Firstly apologies if this is a really simple question but Git is absolutely brand new to me. Basically I've been dabbling with a bit of iOS development for a little while and now have a project idea that I want to start working on and for the first time I'm planning on putting this into source control.

Now I know Xcode 4 has some Git integration but I've spotted a couple of posts that suggest the integration isn't that great and it's better to do it the command line way.

So, I've been following instructions here http://git-scm.com/book/en/Getting-Started-Installing-Git and I've downloaded version for Mac and ran the install.

However when I run git --version I get version which is the version that was installed with Xcode I assume?

My question is, how do I make use of my new version The plan is to learn to use Git via command tools and set up a central repository on a server I have at home, then have local copies on my laptop.

As I say I'm really new to this, so a quick step by step idiots guide would be helpful. I have searched and tried to find details here and on google but other than the suggestion to use Git outside of Xcode I've not found out exactly how to do it.

Any advice, or links to a decent tutorial that covers this would be very much appreciated.


I've changed the path to the new path in .bash_profile (/usr/local/git/bin) and now get git version (Apple Git-26). This still appears to be the wrong version (although this could be me being dense). I downloaded the installer for OSX from the above link. Should I be doing something else. I want to play around with the command line tools so I can get a proper understanding

Update 2:

I'm now also trying MacPorts as recommended in the article. This seems to be downloading a lot more than just Git though

  • have you tried running which git? If you have more than one installed, you need to be sure the path is using the one you want
    – PinnyM
    Jun 5, 2012 at 20:55
  • To my knowledge, Xcode does not include git, so as suggested, you probably have two different gits installed and your path is pointing to the original one.
    – wadesworld
    Jun 5, 2012 at 20:58
  • I've just run which git and that points to /usr/bin/git... I now also have a version of git installed at /usr/local/git/bin (I think). I've never installed git previously and my understanding from other posts is that Xcode 4 will install a version but I'm guessing it makes sense to use the later one. Jun 5, 2012 at 21:01

3 Answers 3


Xcode installs git in /Applications/Xcode.app/... but if you run 'Install Command Tools' then git gets installed also in /usr/bin/git. Xcode uses its private version in Xcode.app. If you installed git in /usr/local/git/bin then you need to include that directory in your PATH. You should have a .bashrc file (or equivalent for whatever shell you are using). Add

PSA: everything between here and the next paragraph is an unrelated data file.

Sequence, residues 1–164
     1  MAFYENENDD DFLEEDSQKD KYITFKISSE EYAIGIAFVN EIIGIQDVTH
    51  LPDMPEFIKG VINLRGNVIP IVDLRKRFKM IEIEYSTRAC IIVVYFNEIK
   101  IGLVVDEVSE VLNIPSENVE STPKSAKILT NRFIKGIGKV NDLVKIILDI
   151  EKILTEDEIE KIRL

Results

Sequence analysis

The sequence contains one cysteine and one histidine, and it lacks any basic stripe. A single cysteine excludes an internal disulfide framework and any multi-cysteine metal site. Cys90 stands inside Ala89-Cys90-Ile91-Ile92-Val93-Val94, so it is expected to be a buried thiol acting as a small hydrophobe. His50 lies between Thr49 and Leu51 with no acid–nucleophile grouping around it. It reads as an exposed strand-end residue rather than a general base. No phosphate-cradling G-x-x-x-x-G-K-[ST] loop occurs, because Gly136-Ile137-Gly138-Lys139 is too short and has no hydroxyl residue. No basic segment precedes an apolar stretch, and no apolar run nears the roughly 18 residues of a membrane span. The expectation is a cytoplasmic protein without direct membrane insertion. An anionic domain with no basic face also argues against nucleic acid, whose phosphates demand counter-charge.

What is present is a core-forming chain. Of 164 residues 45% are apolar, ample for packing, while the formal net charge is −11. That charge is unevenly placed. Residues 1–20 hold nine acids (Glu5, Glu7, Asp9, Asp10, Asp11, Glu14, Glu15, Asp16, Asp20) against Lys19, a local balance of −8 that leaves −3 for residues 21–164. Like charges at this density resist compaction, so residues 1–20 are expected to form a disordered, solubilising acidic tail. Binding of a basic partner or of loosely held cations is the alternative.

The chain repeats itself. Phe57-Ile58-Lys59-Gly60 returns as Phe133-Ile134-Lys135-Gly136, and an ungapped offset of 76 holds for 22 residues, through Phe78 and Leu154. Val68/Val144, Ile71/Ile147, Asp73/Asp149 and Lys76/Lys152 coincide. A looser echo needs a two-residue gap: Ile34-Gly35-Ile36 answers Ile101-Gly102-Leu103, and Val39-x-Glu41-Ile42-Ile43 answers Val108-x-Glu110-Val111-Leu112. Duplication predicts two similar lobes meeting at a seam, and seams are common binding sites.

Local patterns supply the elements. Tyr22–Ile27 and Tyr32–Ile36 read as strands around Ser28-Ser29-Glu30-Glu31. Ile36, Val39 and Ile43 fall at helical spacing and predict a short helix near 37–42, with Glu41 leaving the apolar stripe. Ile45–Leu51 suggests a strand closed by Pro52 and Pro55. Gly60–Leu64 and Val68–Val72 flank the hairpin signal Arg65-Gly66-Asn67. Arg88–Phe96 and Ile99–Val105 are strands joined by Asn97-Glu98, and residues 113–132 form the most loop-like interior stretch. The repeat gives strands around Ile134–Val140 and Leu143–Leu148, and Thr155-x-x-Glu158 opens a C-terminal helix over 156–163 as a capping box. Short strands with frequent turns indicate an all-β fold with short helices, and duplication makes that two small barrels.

PATH=/usr/local/git/bin:$PATH     # your shell might use different syntax.

to that file 'rc' file.

Also, note that Xcode would allow you to accomplish your goal of setting up a remote at home while maintaining a local copy on your laptop. Go to the Xcode 'organizer' and click 'repositories'. There you will find all your machine's Git repositories. Choose one, select the 'remotes' folder and then '+' to add your home remote. I use Xcode this way.

  • Hi, ok I've just added that to .bash_profile as recommended on another post and now get version (Apple Git-26). This still seems to be a lower version. I took the download from here git-scm.com/download/mac. It does say it might be better to build it manually to get all the features but can't seem to find a step by step guide on how to do that Jun 5, 2012 at 21:15
  • git-scm.com/download starts downloading for me automatically when I click 'mac os x'
    – GoZoner
    Jun 5, 2012 at 21:17
  • Yep that's the same for me... but when I run the installer from the download and run a --version command, it says something totally different. Is that just a red herring? Jun 5, 2012 at 21:19
  • I just unpacked the git-scm dmg file and used the installer: ebg@taiyo(5)$ /usr/local/git/bin/git --version ==>> git version Also if you edited the .bash_profile, you'll need to log in again or to do 'source ~/.bash_profile' to have the new PATH stick.
    – GoZoner
    Jun 5, 2012 at 21:22
  • Although not directly I've worked it out. If I put the full path in, I too got the correct version (no idea where is) but the instructions on another post were incorrect. So the answer was that the path should be PATH=/usr/local/git/bin/:$PATH but another answer had it as PATH=$PATH:/usr/local/git/bin/. I changed it and ran the version command on git without specifying the full path and the version is now coming up as correct. Big thanks for helping me out Jun 5, 2012 at 21:41

Credits goes to @GoZoner for the answer. I'm just summing up everything.

Download official git installer from : http://git-scm.com/download/mac

Install and add its directory to your path : echo "PATH=/usr/local/git/bin:\$PATH" >> ~/.bash_profile source ~/.bash_profile


The best way is:

step 1:

Install homebrew on your mac this is the official website Homebrew homepage

From a Terminal prompt:

/usr/bin/ruby -e "$(curl -fsSL https://raw.githubusercontent.com/Homebrew/install/master/install)"

step 2:

From a terminal prompt

brew install git

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